Undervaluation of land: In most cases, the nub of the problem lies in land being acquired from farmers at low prices. The price offered by the government is usually based on the average value of recent transactions in the area on which stamp duty has been paid. Given the high stamp-duty rates, the value of transactions is often understated. So when the government goes by these rates, it severely underestimates the true value of the land.
Amended Act not good enough
Till now the government acquired land for infrastructure projects and then handed it over to the private developer. Increasingly such land acquisition by the government on the private investor’s behalf has come to be regarded as expropriation of a valuable resource from vulnerable sections of the society (small farmers and tribals), which is then transferred to the rich at concessional rates (and it goes without saying, with a few well-placed payoffs). After the hue and cry in Singur and Nandigram and in several areas where special economic zones (SEZs) were being developed, the government decided to amend the Land Acquisition Act of 1894. In an apparent concession, it has proposed (the amended bill has yet to receive Parliament’s nod) that hereafter the private player will have to acquire 70 per cent of land. Only once this target is reached will the government step in and acquire the balance 30 per cent on its behalf.
However, this amended law has many loopholes. The 70 per cent could include any government land that the government decides to hand over to the private developer. What is to prevent a corrupt government from taking over a community’s common land (which legally belongs to the government) to help the developer reach the 70 per cent target?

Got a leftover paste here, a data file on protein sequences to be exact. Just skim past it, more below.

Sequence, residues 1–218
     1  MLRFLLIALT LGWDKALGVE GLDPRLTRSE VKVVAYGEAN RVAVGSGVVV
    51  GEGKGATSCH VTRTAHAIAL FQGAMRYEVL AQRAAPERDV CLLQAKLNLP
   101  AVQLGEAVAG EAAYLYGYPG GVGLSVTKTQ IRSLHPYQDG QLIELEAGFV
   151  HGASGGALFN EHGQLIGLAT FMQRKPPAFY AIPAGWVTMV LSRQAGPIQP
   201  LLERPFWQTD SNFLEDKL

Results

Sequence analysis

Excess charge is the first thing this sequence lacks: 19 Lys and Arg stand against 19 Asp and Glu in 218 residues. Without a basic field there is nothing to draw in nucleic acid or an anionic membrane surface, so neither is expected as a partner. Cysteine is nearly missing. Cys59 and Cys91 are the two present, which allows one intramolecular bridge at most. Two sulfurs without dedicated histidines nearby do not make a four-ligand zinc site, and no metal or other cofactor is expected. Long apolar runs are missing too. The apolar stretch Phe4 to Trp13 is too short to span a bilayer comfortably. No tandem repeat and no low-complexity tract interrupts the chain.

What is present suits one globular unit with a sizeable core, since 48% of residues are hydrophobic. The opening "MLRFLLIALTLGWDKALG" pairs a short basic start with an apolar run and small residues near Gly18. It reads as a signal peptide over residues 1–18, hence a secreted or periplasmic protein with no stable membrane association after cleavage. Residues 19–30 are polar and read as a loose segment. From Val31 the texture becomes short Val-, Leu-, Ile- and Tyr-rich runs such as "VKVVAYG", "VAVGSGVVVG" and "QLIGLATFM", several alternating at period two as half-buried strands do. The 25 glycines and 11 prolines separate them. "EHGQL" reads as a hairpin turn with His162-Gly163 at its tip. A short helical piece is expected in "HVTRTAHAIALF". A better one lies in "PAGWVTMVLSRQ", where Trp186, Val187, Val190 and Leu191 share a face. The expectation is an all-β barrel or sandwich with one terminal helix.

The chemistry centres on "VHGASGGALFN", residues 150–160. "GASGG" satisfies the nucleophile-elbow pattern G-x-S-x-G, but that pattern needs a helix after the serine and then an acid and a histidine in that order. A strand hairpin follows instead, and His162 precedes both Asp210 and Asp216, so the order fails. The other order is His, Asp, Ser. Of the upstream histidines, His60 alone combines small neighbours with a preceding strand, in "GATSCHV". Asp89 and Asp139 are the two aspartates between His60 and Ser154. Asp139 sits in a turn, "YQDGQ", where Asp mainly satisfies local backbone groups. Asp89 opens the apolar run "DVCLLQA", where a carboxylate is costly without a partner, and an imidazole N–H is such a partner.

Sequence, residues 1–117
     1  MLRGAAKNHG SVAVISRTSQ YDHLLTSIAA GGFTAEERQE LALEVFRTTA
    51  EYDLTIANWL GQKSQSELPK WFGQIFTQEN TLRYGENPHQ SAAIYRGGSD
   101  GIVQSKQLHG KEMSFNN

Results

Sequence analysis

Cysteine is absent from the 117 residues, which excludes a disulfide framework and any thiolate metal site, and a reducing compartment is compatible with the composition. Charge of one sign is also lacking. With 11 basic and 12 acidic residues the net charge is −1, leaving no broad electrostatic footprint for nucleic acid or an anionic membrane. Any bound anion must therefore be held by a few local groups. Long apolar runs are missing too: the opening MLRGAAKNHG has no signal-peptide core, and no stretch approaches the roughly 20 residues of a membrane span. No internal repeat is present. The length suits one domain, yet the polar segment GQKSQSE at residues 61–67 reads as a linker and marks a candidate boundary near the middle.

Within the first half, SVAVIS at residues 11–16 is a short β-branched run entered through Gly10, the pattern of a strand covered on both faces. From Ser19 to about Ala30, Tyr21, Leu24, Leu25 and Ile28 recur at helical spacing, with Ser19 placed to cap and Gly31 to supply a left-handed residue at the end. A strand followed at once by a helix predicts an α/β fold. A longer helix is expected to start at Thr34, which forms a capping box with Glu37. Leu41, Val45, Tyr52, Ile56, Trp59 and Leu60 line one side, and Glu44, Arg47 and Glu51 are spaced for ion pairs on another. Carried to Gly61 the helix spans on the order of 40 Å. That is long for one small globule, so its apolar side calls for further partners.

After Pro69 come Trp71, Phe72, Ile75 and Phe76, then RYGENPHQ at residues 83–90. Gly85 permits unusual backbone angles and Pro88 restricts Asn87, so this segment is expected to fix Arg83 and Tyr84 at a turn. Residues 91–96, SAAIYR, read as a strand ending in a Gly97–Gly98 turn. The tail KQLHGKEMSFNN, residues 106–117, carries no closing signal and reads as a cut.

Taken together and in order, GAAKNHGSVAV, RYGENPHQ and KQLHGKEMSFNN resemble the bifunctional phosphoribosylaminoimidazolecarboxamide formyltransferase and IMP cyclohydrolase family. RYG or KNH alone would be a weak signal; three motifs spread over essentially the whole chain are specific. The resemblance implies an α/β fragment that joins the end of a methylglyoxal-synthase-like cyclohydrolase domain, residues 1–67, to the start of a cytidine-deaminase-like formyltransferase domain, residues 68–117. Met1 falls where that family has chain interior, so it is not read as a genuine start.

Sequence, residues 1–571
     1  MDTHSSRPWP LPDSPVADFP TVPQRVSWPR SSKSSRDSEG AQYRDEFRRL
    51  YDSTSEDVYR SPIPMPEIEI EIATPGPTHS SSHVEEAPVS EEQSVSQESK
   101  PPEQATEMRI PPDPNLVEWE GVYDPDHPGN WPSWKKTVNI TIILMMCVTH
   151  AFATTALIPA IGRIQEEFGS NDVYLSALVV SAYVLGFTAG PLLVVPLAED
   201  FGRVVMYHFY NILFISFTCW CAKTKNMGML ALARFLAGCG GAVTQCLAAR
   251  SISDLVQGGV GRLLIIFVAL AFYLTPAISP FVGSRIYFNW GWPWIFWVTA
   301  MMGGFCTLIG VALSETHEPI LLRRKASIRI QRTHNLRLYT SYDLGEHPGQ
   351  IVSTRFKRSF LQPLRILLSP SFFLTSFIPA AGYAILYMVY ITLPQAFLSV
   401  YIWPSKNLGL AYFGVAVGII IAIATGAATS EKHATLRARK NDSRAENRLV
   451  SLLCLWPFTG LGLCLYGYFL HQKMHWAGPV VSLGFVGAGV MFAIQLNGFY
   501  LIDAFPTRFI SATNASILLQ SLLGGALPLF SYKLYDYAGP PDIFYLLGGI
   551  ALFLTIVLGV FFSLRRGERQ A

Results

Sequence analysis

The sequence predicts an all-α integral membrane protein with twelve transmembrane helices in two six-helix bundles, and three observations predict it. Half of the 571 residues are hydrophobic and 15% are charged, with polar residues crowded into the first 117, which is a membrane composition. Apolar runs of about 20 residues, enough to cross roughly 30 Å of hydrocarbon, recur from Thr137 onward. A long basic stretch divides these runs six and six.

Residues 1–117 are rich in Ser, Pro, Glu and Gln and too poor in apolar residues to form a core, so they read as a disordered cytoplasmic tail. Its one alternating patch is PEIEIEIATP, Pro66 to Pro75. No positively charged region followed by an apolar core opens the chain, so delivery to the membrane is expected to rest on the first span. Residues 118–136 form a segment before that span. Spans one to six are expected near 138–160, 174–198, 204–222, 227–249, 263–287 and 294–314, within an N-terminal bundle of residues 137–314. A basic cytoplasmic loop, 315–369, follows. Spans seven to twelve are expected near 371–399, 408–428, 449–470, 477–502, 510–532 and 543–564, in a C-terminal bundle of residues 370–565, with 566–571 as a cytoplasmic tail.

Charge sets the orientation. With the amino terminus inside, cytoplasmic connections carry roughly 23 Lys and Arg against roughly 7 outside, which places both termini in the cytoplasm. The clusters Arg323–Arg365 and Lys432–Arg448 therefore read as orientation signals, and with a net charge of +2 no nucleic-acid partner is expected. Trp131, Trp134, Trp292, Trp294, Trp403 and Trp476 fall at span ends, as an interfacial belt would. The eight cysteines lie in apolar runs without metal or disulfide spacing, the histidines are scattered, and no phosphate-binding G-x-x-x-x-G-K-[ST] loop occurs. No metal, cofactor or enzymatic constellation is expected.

The definition of “public purpose” (for which government can take over land), instead of being defined more tightly, is now even more loosely defined as “any other purpose useful to the general public”.
Under the amended law, even if the developer has to pay somewhat more to buy land at market prices, he can still be confident that land acquisition will get completed. If a minority of land owners in an area refuse to sell, the developer can be confident that the government will take over their land on his behalf under the 30 per cent that it is supposed to acquire. In fact, knowing that they may have to sell to the government at low rates, even those farmers who feel inclined to resist will now sell to the developer. At least they will get a better price from him than from the government. Thus the level of state coercion increases, not decreases, with the amended legislation.
What needs to be done
State governments need to expedite computerisation of land records. Clarity regarding ownership will create a more transparent and liquid market for land transactions. They also need to lower stamp duty rates. Only then will buyers and sellers declare the true value of transactions, which will then lead to better price discovery.
Agricultural land costs much less than land on which a factory is being set up. After the developer has aggregated the land, he applies for change of land use. With one stroke of a bureaucrat’s pen, the value of the land grows several-fold overnight. Not surprisingly, the farmer who sold his land at a lower price (and lost a source of livelihood that would have served his family for generations) feels cheated. If his embitterment is to be avoided, then some part of the value escalation must be shared with him. Besides cash compensation, employment, shareholding in the project that comes up on the land, education for the children, etc. need to be offered to the original owners.
In future, the government can either continue to use the brute force of law to expropriate land from society’s vulnerable sections, or it can introduce laws that ensure compulsory, substantial and time-bound compensation to land owners. If it continues on its current course, don’t be surprised if more subaltern armed movements flare up across the country.